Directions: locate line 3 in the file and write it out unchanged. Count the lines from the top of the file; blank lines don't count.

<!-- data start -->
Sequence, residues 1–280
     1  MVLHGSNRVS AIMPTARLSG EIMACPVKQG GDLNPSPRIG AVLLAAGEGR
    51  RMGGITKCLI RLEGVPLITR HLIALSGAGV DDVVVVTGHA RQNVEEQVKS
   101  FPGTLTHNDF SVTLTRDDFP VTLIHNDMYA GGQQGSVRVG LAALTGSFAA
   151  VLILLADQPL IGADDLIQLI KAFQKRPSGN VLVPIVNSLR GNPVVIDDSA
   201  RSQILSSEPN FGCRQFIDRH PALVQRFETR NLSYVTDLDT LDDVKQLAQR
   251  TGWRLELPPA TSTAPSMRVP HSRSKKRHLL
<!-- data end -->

    51  RMGGITKCLI RLEGVPLITR HLIALSGAGV DDVVVVTGHA RQNVEEQVKS